Building Assessments and Energy Efficiency Certificates

In the UK it is mandatory for buildings to be assessed for their energy efficiency and there are two main types of energy certificate. Energy Performance Certificates cover domestic and commercial buildings whilst Display Energy Certificates are for public sector buildings. DECs can also be important for non-public organisations who wan to demonstrate their eco-friendly credentials and actively looking to reduce their carbon footprint as part of their environmental policy.

Energy Performance Certificates

UK premises owners (domestic and commercial) are legally required to have an Energy Performance Certificate (EPC) if they wish to sell or rent out the building or part of the building. EPCs must be provided for new builds under construction when finished and for existing buildings where there is a change in terms of occupation and these changes involve providing or extending fixed heating, air conditioning or mechanical ventilation systems.

EPCs are valid on a property for 10 years and must be maintained and available as part of the seller’s information pack. The certificates provide two key pieces of information. The first is the energy efficiency of the property in terms of bands from A to G, with A being the best rating and therefore most efficient. The second piece of information is the environmental impact of the property.

For buildings which generate some of their own electricity using renewable power technology (e.g. solar PV or wind turbine) and which the owner wishes to discharge back into the National Grid, the building premises owner must have an EPC with a rating of D or above to quality for the Feed-in-Tariff (FIT) scheme.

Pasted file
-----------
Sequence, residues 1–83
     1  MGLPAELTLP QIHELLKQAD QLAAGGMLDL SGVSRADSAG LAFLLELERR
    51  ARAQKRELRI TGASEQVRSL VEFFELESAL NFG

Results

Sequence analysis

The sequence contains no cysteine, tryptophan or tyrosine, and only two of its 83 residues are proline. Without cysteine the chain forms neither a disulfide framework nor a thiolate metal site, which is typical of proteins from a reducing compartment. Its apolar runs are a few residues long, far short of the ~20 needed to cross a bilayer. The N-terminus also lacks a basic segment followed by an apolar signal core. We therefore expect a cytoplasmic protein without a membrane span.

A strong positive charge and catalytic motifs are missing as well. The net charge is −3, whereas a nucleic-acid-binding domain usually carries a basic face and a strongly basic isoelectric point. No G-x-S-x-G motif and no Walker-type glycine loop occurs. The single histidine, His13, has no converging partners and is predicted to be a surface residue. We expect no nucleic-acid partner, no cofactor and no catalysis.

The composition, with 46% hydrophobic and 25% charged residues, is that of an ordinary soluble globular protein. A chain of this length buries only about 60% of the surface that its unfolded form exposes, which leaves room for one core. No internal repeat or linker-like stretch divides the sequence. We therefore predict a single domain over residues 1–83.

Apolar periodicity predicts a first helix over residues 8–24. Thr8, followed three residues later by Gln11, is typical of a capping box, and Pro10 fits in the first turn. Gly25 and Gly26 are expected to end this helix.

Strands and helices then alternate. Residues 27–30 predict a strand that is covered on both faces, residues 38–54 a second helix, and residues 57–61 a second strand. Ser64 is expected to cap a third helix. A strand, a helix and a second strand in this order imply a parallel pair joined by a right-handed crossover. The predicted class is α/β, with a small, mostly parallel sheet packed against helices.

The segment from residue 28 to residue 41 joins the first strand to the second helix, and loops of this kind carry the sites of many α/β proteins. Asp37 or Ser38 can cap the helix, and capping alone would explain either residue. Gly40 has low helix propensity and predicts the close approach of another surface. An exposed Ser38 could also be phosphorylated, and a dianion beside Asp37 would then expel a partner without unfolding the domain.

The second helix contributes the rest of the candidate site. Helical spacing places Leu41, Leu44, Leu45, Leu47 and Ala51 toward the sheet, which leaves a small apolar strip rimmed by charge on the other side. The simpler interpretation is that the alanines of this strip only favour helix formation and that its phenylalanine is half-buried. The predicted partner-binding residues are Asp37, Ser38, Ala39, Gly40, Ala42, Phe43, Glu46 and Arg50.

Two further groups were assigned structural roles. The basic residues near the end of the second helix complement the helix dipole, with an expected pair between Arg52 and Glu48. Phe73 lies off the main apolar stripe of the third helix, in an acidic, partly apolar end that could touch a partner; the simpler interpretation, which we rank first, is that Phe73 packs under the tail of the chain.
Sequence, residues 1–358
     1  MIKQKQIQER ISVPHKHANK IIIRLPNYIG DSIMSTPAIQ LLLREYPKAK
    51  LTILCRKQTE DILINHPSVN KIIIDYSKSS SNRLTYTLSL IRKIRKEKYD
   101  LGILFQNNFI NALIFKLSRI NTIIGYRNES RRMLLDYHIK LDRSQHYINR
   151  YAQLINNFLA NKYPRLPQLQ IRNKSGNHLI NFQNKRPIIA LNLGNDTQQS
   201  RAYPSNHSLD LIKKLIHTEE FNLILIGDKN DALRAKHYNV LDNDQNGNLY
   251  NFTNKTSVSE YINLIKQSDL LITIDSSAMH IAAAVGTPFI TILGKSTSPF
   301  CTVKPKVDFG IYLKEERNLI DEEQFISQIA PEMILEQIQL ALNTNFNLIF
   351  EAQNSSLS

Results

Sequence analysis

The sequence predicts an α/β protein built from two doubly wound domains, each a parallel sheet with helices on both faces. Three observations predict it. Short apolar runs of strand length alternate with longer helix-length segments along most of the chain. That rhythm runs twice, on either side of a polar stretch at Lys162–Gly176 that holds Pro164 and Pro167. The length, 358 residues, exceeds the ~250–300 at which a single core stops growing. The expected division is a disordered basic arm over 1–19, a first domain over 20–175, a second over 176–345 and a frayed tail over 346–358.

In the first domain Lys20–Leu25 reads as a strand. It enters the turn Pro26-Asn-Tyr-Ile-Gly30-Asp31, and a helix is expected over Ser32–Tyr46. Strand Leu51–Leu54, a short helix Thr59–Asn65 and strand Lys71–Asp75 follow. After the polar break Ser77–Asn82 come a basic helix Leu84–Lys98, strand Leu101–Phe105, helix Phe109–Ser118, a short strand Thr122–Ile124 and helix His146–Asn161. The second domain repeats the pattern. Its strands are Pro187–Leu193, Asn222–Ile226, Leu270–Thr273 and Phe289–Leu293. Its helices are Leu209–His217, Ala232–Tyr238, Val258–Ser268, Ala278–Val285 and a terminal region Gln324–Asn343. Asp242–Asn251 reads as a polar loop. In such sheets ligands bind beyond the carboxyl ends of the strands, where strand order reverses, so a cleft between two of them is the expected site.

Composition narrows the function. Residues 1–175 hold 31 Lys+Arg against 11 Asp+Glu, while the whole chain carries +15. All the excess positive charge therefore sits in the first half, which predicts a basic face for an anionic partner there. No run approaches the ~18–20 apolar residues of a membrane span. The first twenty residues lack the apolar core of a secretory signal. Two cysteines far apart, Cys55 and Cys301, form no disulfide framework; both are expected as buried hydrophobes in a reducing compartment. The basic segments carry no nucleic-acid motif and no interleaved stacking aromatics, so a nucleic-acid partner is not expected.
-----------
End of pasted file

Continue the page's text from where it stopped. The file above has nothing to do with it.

In commercial buildings the EPC must be on display if the total area is 500m² or more, the building is frequently visited by the public or where an EPC has previously been produced for the building’s sales, rental or construction. Fines for not having or displaying an EPC can range from £500 to £5,000 depending on the rateable value of the building.

Display Energy Certificates

Public buildings are required by law to have a Display Energy Certificate (DEC) which will detail energy use and carbon emissions for a building. The DEC document uses a scale from A to G, with A being the most energy efficient.

Public authorities must provide a DEC for buildings they own and/or operate where the building is all or partially occupied by a public authority (e.g. NHS trust, leisure centre or college) and the total floor area is 2500m² or more and the building is frequently visited by the public.

DECs last for 1 year for buildings with a total floor area of more than 1000m² and for 10 years where the floor area is between 250 and 1000m².

Private organisations can choose whether to have a DEC or not. In Scotland, public buildings are required to have an Energy Performance Certificate instead of a DEC.

Energy Advisory Reports

In addition to a DEC, the organisation owning the public building must also have in its possession or control an Energy Advisory Report. The report contains recommendations for improving the energy performance of the building.

Calculating Building Energy Efficiency

Energy efficiency assessment and rating in the UK is calculated using the National Calculation Method (NCM) as defined by the Department for Communities and Local Government.

The NCM calculation method evaluates the building being tested against a ‘notional’ building in line with UK Building Regulations. This process demonstrates whether the Building Emission Rate (BER) is less than the Target Emission Rate (TER). The calculation covers the structural build-up of walls, roof, floors and windows and the energy efficiency of heating, cooling, hot water and lighting systems. Every four years the targets set within the UK Building Regulations are raised making it harder to pass.

A building’s energy rating can be calculated using one of two methods:

  • Approved software, based on the Standard Assessment Procedure (SAP) for domestic buildings or Simplified Building Energy Model (SBEM) for non-domestic buildings.
  • Dynamic Simulation Modelling (DSM) software for more complex designs.

Most non-domestic buildings require a full SBEM calculation and for this to be accurate a complete description of the building geometry and services along with information on the intended building usage (e.g. retail outlet, college or distribution depot) which will be taken into account.